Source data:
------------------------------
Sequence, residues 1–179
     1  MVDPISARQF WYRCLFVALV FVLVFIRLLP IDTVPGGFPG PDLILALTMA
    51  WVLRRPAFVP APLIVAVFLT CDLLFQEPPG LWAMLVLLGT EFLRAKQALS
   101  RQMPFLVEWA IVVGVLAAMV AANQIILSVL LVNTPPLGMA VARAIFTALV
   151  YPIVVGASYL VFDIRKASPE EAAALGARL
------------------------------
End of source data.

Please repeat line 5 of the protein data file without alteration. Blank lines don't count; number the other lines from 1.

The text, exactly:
   151  YPIVVGASYL VFDIRKASPE EAAALGARL